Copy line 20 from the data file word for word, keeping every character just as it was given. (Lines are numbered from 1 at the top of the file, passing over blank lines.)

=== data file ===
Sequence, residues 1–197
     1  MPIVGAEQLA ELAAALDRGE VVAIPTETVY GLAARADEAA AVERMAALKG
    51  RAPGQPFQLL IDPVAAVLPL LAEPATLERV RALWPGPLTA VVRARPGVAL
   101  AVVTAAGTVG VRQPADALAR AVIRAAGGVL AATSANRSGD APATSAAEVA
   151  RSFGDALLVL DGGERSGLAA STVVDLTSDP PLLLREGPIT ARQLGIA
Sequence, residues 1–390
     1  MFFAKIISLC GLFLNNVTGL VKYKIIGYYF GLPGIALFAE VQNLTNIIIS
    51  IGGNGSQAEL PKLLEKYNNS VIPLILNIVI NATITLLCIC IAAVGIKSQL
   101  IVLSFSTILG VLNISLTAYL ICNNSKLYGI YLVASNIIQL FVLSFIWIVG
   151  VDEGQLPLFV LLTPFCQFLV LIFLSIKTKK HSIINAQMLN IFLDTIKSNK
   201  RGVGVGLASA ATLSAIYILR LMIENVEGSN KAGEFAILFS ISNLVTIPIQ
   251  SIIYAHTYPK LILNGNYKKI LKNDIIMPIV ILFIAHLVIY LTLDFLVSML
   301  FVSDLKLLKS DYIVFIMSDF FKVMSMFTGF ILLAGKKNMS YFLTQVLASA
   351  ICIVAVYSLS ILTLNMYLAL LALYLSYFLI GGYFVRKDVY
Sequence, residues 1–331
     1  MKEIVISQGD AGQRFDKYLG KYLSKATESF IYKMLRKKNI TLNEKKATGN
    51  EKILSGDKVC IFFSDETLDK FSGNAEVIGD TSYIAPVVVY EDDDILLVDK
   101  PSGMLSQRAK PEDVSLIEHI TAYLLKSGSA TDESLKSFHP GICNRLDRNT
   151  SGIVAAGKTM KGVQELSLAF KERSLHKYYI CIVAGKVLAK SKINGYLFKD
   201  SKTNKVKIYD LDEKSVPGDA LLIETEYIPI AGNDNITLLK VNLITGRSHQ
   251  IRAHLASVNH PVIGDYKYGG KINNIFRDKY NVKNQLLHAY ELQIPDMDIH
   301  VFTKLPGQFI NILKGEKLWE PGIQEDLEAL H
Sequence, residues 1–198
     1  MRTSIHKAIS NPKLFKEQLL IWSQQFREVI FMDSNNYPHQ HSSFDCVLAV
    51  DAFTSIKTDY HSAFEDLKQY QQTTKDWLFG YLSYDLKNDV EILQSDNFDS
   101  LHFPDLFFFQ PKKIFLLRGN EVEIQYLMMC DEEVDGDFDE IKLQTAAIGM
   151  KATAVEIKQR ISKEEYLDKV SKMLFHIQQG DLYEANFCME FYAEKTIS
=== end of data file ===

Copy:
   201  SKTNKVKIYD LDEKSVPGDA LLIETEYIPI AGNDNITLLK VNLITGRSHQ